Authors: Richard S. Prather
The Srinagar was still anchored where it had been last night, white and lovely in the bay.
It looked sleek, beautiful, as if poised to cut through blue seas on its way to tropic islands, a place for laughter and dancing and light-hearted fun. But the sight of it didn't make me feel like laughing and dancing.
At Greene's Landing I rented a small motorboat, climbed in and pointed it toward the yacht. On the way I checked my Colt Special again, put it back in the holster. As I neared the boat, I could see a man standing at the rail, looking in my direction. He went out of sight, then reappeared and stood at the head of the ladder near the stern, the one which last night the guests had used to climb aboard.
I cut the engine, bumped the landing at the ladder's base, stepped onto it and tied the boat securely. The guy stood up there above me, motionless, watching me silently. I climbed the ladder and just before I reached the top he said, “Yeah?”
“Hello. Mr. Goss aboard?”
“He's aboard. Not expecting anybody, though. What's your name, pal?”
This guy didn't look like a seaman, talk like a seaman, and it was a pretty sure thing he didn't act like a seaman. He wore a brown leather jacket hanging open far enough so I could see the butt of a gun in the holster at the left side of his chest. It was also an extremely broad chest. He had the kind of face that looked as if it did push-ups, thick and hard, bulges of muscle at the back of his jaw. A faint stubble roughened his cheeks and chin, but shaving it off wouldn't mellow him; nothing would mellow him. A short cigarette butt smoldered in the corner of his mouth.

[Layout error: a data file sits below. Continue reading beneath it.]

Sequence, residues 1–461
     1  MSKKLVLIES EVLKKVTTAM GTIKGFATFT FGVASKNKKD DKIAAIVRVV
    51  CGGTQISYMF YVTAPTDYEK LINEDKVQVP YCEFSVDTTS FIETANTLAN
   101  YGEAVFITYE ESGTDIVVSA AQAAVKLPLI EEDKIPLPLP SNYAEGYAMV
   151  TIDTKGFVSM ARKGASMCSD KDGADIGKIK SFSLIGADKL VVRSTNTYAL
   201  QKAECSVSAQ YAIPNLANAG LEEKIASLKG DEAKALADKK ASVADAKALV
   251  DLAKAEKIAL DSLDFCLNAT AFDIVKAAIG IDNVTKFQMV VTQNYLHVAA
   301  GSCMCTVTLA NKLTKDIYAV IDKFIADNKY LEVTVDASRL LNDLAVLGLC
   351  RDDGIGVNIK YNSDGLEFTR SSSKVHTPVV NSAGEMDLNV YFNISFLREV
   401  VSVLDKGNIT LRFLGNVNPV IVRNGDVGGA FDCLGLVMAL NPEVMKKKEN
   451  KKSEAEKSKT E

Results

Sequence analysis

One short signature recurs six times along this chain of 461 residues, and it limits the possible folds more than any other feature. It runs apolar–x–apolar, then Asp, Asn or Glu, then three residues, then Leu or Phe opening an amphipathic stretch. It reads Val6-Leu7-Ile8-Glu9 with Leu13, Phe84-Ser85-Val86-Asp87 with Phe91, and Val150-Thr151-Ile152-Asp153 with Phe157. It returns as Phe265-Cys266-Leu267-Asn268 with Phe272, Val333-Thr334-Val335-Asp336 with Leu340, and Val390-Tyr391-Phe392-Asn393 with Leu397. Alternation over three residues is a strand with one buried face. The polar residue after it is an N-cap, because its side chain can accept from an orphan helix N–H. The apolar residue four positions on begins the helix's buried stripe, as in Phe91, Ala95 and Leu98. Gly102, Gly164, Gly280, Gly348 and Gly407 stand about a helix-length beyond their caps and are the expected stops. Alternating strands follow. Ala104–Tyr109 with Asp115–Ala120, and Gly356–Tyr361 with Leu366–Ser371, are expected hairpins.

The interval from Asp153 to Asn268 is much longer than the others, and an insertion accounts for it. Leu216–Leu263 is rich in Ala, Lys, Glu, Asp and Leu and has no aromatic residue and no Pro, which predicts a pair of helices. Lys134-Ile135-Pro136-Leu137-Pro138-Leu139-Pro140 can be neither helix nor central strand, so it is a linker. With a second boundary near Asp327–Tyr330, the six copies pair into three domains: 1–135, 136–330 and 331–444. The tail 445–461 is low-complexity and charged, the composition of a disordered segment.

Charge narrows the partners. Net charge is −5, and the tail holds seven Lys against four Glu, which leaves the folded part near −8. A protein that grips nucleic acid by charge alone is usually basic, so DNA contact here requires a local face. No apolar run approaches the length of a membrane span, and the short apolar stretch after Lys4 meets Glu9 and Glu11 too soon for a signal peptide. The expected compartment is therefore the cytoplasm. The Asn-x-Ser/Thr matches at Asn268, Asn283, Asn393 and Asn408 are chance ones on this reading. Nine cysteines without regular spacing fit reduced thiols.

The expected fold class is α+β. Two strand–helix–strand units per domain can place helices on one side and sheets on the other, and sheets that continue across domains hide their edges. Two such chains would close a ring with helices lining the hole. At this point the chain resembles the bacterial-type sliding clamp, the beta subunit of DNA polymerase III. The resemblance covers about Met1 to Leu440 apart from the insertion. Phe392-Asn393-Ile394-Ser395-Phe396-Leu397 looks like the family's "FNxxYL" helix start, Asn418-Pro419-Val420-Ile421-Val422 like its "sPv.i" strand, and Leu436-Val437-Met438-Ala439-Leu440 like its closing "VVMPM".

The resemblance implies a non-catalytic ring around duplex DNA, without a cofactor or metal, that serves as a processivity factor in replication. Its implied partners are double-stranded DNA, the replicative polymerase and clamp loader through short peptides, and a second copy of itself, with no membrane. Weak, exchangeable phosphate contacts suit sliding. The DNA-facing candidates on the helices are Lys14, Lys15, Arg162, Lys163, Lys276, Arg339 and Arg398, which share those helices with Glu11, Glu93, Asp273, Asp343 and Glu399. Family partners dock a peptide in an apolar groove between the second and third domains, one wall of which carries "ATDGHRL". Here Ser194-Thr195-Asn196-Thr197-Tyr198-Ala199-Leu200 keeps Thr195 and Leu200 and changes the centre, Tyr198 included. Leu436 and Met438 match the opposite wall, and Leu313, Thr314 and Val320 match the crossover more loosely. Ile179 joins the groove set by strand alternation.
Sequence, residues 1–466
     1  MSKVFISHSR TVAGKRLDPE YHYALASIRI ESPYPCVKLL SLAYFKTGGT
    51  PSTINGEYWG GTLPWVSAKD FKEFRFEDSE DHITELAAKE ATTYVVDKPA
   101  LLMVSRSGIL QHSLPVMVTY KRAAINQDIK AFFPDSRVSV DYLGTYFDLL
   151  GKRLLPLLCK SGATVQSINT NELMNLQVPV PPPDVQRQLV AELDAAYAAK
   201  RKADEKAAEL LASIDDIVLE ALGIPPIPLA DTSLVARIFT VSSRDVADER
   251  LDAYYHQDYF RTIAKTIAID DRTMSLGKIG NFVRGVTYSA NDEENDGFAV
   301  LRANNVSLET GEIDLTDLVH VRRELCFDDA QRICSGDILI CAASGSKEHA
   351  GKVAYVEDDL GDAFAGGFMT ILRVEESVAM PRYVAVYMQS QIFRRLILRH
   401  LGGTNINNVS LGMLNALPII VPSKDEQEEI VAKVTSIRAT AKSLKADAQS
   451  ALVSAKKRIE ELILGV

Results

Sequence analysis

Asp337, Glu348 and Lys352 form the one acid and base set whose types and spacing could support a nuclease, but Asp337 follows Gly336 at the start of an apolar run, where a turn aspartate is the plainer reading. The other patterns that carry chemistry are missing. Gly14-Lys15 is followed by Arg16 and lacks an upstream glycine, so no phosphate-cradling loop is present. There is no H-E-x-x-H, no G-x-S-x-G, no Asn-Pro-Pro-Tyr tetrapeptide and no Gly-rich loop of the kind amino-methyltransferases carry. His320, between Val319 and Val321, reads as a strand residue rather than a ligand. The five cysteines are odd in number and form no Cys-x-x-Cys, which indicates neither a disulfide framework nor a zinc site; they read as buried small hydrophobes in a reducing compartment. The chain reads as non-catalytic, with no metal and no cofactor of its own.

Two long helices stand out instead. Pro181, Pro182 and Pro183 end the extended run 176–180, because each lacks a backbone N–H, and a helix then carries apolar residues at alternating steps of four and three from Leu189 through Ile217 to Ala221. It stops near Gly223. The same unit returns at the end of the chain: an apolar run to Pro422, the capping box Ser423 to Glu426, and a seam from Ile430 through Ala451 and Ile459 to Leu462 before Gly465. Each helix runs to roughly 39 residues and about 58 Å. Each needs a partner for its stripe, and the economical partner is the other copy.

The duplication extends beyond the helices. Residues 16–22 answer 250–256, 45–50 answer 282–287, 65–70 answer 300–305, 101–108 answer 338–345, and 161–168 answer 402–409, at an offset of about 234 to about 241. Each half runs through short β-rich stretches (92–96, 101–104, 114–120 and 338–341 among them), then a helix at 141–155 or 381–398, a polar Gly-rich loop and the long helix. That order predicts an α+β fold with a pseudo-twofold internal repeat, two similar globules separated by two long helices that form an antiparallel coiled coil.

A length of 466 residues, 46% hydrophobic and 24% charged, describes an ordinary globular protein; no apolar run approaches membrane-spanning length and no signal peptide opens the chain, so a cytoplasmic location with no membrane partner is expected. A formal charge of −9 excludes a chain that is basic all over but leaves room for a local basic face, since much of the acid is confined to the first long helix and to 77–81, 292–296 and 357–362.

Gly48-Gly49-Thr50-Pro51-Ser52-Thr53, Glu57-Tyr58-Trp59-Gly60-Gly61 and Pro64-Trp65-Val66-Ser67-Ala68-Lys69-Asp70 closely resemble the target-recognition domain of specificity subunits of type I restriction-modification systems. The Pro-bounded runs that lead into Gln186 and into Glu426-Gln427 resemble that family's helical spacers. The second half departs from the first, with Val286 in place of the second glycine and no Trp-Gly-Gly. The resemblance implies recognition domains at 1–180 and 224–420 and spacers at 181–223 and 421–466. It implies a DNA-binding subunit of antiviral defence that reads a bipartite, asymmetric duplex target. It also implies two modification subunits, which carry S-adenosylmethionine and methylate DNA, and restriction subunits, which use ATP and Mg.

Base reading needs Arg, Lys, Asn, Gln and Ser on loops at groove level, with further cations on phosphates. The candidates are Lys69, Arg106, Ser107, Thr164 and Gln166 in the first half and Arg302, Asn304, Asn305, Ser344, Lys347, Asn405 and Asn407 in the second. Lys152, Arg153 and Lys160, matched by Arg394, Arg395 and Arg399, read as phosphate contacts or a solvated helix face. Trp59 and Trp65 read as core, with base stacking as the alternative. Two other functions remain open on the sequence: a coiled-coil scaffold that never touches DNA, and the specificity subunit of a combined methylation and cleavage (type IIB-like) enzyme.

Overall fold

“Shell Scott,” I said. “I'd like to see Mr. Goss.”
“Hell see you.” Ash fell from the cigarette's end and spilled down the leather jacket. He didn't brush it off.
I stepped onto the deck. “Where'll I find him?”
He jerked a thumb. “Up on the bridge, pal.”
The cigarette had burned down so close to his lips he appeared to be smoking the filter, but he ignored it. Probably when they got any shorter, he just ate them. I wondered why it was turning out to be so easy for me to see Goss. I walked forward, up another flight of steps, to the bridge and inside. The deck was highly polished, the walls beautifully grained dark wood. To the left of the wheel, fixed to the forward bulkhead, was a padded red-leather bench, a small table in front of it. Sitting on the bench, hand around a half-filled highball glass resting on the table, was Robert Goss.
He looked even bigger than he had last night. The black hairs on the back of his hand seemed more wiry, like pig bristles. His heavy lids sagged, his mouth sagged, his face sagged, perhaps even more than when I'd first seen him. But the rest of him was resplendent. He wore a Captain's yachting cap on his head, dark bill decorated with gold doo-dads, a dark blue yachting jacket with gleaming brass buttons, white gabardine trousers and white leather shoes. He looked ready to steam right into the Balboa Bay Club's bar.
“Hello,” I said. “We meet again.”
“Good afternoon, Mr. Scott. What brings you aboard?” His voice was pleasant, agreeable. He even tried to smile. But it was like a frown with teeth in it. He tried, but he just couldn't quite carry it off. No matter how much phony effort he put into the act, he was never going to convince me that he found me charming.
I said, “Well, several things, Mr. Goss. A murder for one. Couple of other items.”
“Murder? Who got himself murdered?”